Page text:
Hurricane Maria Slams Nevis but Residents Thanking God for His Tremendous Mercies

By:Curtis Morton
Charlestown-Nevis-Residents on Nevis were literally held hostages in their boarded up homes, from early on the evening of Monday 18th September, to early morning, on Wednesday 20th September, when some folks were brave enough to venture throughout their neighbourhood, to assess the damage created by the passage of Hurricane Maria.

Residents indicated that it was an even more horrific experience than the recent passing of Hurricane Irma.

Very high wind speeds were recorded on this occasion and intense showers at intervals.

Early on Wednesday morning, Premier of Nevis, Hon. Vance Amory made the announcement that residents generally, did not have to report to school or work, as the day had been declared a national cleanup day and all were urged to assist in cleaning up their respective properties and communities.

However, they were also strongly warned to be careful in their movements, as there was the possibility of electrical and other hazards still existing across the island.

According to Disaster Management chief, Mr. Brian Dyer, the damage was a lot more severe, than was experienced as a result of Irma and included the following:

Over forty homes were reported damaged, as of 4 pm on Wednesday, with more reports still coming in. Some lost galvanize and most lost varying numbers of shingles.

The coastline took a severe beating and there is a lot of erosion as a result.

No official word as yet from the Four Seasons Resort and the other hotels, except for Oualie Beach hotel, which is reporting that they are okay, except for some necessary beach cleanup activities.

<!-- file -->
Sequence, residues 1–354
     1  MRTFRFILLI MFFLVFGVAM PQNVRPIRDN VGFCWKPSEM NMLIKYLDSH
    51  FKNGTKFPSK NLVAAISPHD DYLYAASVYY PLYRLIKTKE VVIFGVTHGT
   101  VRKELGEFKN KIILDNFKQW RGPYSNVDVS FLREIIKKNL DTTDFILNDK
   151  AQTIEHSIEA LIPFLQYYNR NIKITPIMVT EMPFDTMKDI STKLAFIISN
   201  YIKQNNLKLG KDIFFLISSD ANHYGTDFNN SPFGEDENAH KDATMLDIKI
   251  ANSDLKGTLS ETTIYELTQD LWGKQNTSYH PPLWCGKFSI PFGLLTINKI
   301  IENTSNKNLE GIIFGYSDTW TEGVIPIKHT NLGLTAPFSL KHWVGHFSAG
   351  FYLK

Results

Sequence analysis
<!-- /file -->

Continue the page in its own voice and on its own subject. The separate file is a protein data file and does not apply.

A number of electrical poles and lines were downed across the island and the NEVLEC crews are working overtime in an attempt to restore electricity island wide. Some areas have been restored and others, even in the vicinity of the capital city, are still without power.
Quite a number of roads were badly affected, which included Hermitage, Braziers and the road leading from Brown Hill to Montpelier.

The agricultural stock, especially fruit trees and vegetables, also took a severe pounding.

The ports of entry also took a severe pounding and resulted in flood waters and silt in areas of Charlestown and the Vance Amory Airport also suffered some water damage which has been cleared up.

The Long point pier also took a severe beating and damage there is yet to be assessed.

Thankfully, there were no deaths reported and the residents of Low Street, who were especially endangered, evacuated, mainly to the Anglican conference hall, where some 36 persons, took shelter.

Across the island, approximately 96 persons took the advantage of waiting out the dangerous storm, in shelters.
The assessment continues and the reports continue to come in and eventually an official statement will be made, in terms of the overall damage and the cost involved.

Meantime though, Nevisians are thanking God for spared lives, as they continue to clean up and attempt to restore the island to a state of normalcy.

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